Tennessee lawmakers may have failed to advance an anti-transgender bill that mirrored North Carolina’s HB2, but they did pass a bill enabling religious-based discrimination in counseling. Now, a lawsuit is taking aim at that law and the way it could be used to refuse treatment to the LGBT community.
Activists Bleu Copas and Caleb Laieski argue in their suit that even if words referring to the LGBT community were not explicitly included in the law, it was clearly intended to target those people specifically. Based on the language used in various drafts and particularly in floor debates, “LGBT persons were the target of the Statute. They are singled out for discriminatory treatment. There is no other group which could conceivably be the target of the Statute.”
They contend that Tennessee’s Constitution’s “Class Legislation Clause,” which “guarantees that persons similarly situated shall be treated alike” functions just like the Equal Protection Clause of the 14th Amendment to the United States Constitution. By singling out the LGBT community for disparate treatment, the law violates that provision of the state constitution.
Both activists are veterans of the LGBT movement. Laieski, who lives just outside Washington, D.C., is just 21, but was a vocal advocate to protect students from anti-gay bullying after he was forced to drop out of high school at 16. Copas, a Tennessee native, is a literal veteran — an Army Sergeant and Arabic linguist — who was discharged under “Don’t Ask, Don’t Tell” and then fought to help repeal that discriminatory law. But for Copas, this suit is very personal, as he’s trained in the counseling field.
“The mental health field is sacred to me,” he told ThinkProgress. “I have my master’s in counseling and work currently in the mental health field as a Peer Support Specialist for military veterans.” He believes that when discrimination is allowed in this kind of work, “it taints the idea that therapy or mental health treatment is safe.”
Receiving counseling has been an important part of his life too. It was a therapist at East Tennessee State University that he first told that he was gay and in a relationship with a man. Then, still uncomfortable with his sexuality, he pursued a faith-based curriculum for “corrective” counseling. “Thankfully,” he said, “I got tired of leaving therapy in shame and disempowered, and decided to quit.” Though he came to terms with his sexuality, therapy then again proved vital as he handled the trauma of his discharge and the “abrupt transition back into civilian life.”
These different experiences have proven to Copas that being able to find the right therapist is important, but that it’s the client who should be empowered to make that decision. “Sometimes it just isn’t a good fit,” he explained. “I’ve tried to be a strong self-advocate and request a new therapist that I feel understands me. Even as a Peer Support Specialist, I respect the fact that some veterans can get better help working with other colleagues.”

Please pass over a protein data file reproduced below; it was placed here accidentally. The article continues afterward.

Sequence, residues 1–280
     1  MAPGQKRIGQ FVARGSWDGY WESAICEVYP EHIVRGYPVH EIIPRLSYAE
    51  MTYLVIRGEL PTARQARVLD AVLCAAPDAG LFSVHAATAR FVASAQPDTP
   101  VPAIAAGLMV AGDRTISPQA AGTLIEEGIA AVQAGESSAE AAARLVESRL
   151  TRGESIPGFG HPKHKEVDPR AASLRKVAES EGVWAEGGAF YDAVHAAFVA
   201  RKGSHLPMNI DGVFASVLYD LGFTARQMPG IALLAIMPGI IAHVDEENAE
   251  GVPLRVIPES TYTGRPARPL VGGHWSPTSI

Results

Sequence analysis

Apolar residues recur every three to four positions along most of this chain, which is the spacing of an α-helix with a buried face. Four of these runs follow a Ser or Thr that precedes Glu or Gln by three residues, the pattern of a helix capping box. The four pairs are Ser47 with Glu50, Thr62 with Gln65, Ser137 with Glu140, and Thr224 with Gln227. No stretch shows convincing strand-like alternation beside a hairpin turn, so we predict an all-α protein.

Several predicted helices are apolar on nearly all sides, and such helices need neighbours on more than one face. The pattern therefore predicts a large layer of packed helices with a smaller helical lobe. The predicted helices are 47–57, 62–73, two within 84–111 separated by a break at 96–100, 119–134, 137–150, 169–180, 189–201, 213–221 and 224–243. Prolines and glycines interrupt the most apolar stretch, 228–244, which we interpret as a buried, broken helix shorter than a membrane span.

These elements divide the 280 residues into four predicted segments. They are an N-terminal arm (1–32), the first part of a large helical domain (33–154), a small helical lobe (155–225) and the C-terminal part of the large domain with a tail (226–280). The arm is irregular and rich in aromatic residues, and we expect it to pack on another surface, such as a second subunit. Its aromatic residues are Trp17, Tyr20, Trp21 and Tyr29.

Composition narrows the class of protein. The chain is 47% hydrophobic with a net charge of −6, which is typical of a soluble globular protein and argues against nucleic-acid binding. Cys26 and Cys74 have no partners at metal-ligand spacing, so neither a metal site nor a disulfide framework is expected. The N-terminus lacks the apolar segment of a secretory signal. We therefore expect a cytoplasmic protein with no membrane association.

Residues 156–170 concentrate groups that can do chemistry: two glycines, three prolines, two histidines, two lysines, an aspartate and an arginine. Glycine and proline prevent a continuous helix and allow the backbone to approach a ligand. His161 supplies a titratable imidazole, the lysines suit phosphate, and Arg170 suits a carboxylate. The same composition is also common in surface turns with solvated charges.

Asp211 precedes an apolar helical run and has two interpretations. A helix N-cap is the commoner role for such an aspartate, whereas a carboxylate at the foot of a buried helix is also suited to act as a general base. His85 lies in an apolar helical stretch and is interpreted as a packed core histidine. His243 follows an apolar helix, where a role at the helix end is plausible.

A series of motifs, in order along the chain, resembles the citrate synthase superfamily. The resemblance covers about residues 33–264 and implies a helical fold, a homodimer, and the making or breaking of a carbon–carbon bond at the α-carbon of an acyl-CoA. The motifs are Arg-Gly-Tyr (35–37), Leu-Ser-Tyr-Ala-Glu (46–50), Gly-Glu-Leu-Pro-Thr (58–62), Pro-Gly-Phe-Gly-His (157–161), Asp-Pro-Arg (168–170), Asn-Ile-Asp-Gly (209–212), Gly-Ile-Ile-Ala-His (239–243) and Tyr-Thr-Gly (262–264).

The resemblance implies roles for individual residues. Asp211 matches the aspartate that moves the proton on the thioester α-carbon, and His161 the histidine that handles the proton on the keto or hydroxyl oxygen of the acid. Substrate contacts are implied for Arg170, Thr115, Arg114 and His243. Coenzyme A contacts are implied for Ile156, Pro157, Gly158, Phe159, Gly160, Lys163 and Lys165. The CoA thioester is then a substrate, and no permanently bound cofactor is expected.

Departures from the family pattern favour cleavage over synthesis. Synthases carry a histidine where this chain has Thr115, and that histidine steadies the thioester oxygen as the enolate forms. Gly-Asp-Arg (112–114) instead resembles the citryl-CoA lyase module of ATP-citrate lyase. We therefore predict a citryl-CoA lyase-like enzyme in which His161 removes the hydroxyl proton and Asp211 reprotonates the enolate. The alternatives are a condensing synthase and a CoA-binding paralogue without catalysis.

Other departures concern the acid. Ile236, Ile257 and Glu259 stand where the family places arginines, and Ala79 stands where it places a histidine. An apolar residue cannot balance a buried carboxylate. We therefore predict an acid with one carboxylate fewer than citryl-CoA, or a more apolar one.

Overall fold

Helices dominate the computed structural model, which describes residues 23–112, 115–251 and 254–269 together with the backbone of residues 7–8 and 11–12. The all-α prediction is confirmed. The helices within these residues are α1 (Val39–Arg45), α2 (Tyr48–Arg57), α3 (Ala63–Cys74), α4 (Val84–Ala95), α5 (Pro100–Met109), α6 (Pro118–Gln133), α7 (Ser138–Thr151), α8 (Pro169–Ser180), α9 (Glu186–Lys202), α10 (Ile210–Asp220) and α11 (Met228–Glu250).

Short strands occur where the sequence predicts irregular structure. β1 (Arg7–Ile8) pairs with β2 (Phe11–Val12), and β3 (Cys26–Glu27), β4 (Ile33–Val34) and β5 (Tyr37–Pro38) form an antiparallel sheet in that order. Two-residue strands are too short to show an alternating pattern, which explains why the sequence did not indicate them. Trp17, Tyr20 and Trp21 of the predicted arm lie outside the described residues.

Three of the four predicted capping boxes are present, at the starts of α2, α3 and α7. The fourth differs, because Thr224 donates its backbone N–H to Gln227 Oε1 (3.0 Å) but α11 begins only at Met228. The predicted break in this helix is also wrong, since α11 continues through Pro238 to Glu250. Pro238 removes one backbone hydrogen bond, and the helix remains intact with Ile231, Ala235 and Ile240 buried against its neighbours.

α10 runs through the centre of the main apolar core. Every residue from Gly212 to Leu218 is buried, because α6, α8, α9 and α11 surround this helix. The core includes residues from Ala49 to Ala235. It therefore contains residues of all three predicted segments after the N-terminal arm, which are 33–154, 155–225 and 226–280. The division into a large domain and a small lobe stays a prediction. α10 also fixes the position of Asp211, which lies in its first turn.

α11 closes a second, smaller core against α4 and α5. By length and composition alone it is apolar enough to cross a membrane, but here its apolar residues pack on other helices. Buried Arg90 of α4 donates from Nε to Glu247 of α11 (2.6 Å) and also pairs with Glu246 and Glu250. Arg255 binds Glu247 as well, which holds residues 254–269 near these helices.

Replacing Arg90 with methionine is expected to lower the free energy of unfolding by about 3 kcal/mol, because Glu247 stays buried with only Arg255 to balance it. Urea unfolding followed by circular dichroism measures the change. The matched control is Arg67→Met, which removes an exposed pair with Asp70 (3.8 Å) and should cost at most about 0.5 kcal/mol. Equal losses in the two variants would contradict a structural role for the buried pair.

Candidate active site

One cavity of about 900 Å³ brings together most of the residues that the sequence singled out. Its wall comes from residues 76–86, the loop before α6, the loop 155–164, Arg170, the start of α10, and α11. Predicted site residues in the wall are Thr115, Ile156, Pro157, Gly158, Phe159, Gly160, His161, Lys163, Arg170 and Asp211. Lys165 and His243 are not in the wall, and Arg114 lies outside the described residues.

But that’s not the same as a therapist refusing service because of “deeply held principles,” as the law allows. That, Copas insisted, is simply discrimination when it’s based on a client’s sexual orientation or gender identity.
And it makes the state less safe. “I think it makes growing up gay in Tennessee even more dangerous,” he said. “There’s still a lot of opposition to LGBT equality across the state, especially in rural areas. Knowing how growing up I felt like I couldn’t tell anyone about being gay, and feeling that my church, my school, my family would reject me for being gay, I realize now how crucial it is to let that kid know that Tennessee is a safe place for them.”
The lawsuit points out that prior to this law, Tennessee had embraced the 2014 American Counseling Association Code of Ethics as the ethics code for the state’s counselors and therapists. That code specifically includes a provision (A.11.b.) specifically stating that counselors should “refrain from referring prospective and current clients based solely on the counselor’s personally held values, attitudes, beliefs, and behaviors.” By carving around that, Copas believe the new law “discredits the mental health profession in this state because it ignores ethical codes.”
The result will be that Tennessee becomes a less welcoming state for LGBT people, something both plaintiffs hope to avoid. As Laieski explained in a statement provided to ThinkProgress, “The goal [of the suit] is to send a clear message to Tennessee that discrimination will not be tolerated, especially when it jeopardizes folks seeking mental health services.”
Copas wants LGBT people in his home state to know that “they are not alone and that there are open and loving arms ready to embrace and support them,” citing PFLAG, Tennessee Equality Project, and the many affirmative, churches, sports leagues, and artistic communities across the state. If a therapist cites the law to justify rejecting them from treatment — thereby rejecting who they are in the process — they should make sure they are safe and out of danger. “Call 911 or go to an emergency room if they need immediate help,” he advised, then seek out a group that will provide the affirmation they need and deserve.
And he doesn’t mince words for the therapists contemplating using this law while it’s in effect. “If you can’t adhere to a code of ethics, find another field,” Copas said. “It’s like me wanting to become an Alabama fan, but as long as I can still wear my orange and sing Rocky Top at the games when Alabama scores.”